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RE: feature request: indicator of minibuffer-recursion depth

From: Drew Adams
Subject: RE: feature request: indicator of minibuffer-recursion depth
Date: Sat, 16 Jun 2007 07:36:12 -0700

> A few years ago, while discussing the help argument highlighting
> support, Richard said:

> > "To say that a user can customize something does not necessarily mean
> > introducing a defcustom to customize it.  That is one of many
> > customization mechanisms in Emacs. Another customization mechanism is
> > to redefine a function.

I agree with that 100%.  And?

> Some customizations are natural to do in that way, and some are
> important enough to be worth installing a defcustom for.  But we
> should refuse to fall into thinking automatically "add a defcustom"
> whenever we think something might want to be changed by some users.

No one has argued that. Just as no one, including you so far, has argued that 
we should _never_ add a defcustom when we think users might want to change 
something, and instead we should _always_ expect them to redefine functions. 
This is not about "always" and "never". As in all such cases, it's about 
judgment, not catechism - there is no hardline rule that you can apply in all 

People can judge differently. Richard will ultimately judge, and he might well 
agree with you on this one. I sometimes disagree with Richard and I sometimes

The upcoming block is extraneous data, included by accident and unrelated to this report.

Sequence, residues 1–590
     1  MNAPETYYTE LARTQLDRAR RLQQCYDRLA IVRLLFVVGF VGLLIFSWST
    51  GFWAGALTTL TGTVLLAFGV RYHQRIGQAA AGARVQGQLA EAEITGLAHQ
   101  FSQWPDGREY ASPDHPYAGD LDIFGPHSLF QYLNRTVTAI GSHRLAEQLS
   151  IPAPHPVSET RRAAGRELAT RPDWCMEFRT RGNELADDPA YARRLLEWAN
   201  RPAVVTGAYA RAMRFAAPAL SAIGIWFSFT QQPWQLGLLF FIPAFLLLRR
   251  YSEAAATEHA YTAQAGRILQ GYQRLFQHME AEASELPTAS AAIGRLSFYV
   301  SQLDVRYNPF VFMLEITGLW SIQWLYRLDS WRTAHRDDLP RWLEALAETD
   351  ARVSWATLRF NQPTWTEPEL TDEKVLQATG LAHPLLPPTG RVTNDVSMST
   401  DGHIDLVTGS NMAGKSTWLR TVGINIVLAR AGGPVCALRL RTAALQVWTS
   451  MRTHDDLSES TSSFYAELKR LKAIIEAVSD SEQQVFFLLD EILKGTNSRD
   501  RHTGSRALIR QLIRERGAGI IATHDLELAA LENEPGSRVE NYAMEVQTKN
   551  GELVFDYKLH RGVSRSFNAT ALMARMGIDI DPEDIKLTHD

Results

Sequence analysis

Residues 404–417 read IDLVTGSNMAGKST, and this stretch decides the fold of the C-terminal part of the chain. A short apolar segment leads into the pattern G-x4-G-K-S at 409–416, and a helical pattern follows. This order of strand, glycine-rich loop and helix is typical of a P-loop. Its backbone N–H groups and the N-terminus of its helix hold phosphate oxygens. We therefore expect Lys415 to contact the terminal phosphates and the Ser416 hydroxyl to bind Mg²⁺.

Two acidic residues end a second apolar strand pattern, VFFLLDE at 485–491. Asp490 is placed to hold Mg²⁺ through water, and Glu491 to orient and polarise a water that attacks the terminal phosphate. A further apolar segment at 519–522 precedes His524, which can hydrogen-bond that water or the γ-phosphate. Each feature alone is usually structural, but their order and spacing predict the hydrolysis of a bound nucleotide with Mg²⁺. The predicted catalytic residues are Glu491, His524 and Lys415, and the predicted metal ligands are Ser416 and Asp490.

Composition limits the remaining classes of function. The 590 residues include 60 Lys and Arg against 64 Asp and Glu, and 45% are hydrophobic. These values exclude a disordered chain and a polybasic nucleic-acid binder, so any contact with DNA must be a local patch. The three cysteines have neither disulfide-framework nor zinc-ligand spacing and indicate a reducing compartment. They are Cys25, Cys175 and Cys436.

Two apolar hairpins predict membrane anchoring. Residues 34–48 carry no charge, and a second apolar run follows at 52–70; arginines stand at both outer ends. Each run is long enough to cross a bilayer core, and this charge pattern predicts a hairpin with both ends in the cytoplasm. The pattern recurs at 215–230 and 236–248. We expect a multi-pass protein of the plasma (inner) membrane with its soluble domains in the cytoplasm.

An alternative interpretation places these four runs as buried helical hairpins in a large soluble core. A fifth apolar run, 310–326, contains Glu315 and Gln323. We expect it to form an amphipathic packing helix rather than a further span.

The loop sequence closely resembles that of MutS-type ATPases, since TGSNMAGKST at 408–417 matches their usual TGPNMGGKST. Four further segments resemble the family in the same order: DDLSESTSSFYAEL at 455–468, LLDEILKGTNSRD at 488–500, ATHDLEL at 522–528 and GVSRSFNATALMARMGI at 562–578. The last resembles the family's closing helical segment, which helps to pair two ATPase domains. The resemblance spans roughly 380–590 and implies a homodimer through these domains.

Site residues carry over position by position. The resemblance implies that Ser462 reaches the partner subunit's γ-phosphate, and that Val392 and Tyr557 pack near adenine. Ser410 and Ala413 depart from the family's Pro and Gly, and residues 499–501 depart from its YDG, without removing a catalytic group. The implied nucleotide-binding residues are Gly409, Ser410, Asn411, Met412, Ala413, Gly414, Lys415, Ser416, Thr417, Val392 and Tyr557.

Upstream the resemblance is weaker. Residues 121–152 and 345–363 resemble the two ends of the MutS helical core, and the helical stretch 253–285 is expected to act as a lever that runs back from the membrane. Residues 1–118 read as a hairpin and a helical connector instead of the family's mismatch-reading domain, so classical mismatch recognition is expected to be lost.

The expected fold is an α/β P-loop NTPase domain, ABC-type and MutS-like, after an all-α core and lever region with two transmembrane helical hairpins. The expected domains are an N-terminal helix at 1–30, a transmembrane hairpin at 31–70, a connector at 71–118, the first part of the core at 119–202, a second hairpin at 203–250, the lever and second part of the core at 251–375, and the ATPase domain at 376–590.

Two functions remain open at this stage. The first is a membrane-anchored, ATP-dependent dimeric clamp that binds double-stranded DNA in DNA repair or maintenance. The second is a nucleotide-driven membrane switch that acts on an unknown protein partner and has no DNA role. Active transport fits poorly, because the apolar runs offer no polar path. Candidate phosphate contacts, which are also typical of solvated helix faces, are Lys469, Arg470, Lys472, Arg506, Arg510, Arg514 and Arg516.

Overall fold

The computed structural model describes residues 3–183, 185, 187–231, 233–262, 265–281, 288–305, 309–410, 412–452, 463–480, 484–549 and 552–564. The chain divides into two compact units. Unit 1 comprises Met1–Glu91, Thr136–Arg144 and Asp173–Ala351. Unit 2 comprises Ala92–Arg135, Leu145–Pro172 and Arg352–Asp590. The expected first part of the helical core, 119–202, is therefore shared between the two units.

agree with him - same as with anyone else. It is not because Richard said what 
you quoted above that I adhere to it - exegesis doesn't persuade me - I agree 
with it because I too think that Customize, like anything else, has its limits.

> > The first thing I did after getting Miles's code was to add a
> > defface and a defcustom to it.
> Judging by the prodigious amount of *+.el packages you produce, I tend
> to think this is the first thing you do with everyone's code... (I'm
> joking here, please don't take it personally.)

I don't take it personally; I don't even interpret it as a criticism, personal 
or technical. Here is the logic behind that practice, in case you are 

Miles posted that code as a snippet to emacs-devel. I expected that code to be 
added to Emacs 22 (with Kim's 8.3 file renaming and possibly with some other 
changes). That was the gist of the discussion here at that time.

In order that users besides those who read emacs-devel could benefit from it 
before the release, I posted Miles's snippet to Emacs Wiki (with his name as 
author) as mb-depth.el - the file name being talked about here at that time. 

Rather than change that code directly, I provided a separate snippet that 
improves it a bit for at least some users. I posted that snippet to the wiki 
separately, under my name (only I am to blame for it). There are snippets of 
enhancements to Emacs code all over the wiki - people use them or don't use 
them, as they please. Some are posted as separate files for easy loading, some 
are just pasted on Web pages and people copy them to their .emacs.

I named my snippet file mb-depth+.el for easy reference to the code it 
enhances. Would you prefer a different file name? Would you prefer that I 
didn't post the original at all? Would you prefer that I modified the original 
directly? What would be your preference?

I was unable to supply patches directly at that time (or, rather, FSF was 
unwilling to accept them, because of a lack of employer papers). I filed bugs. 
I sometimes filed enhancement requests or suggested enhancements on 
emacs-devel. I sometimes added enhancements to the wiki as separate *+.el or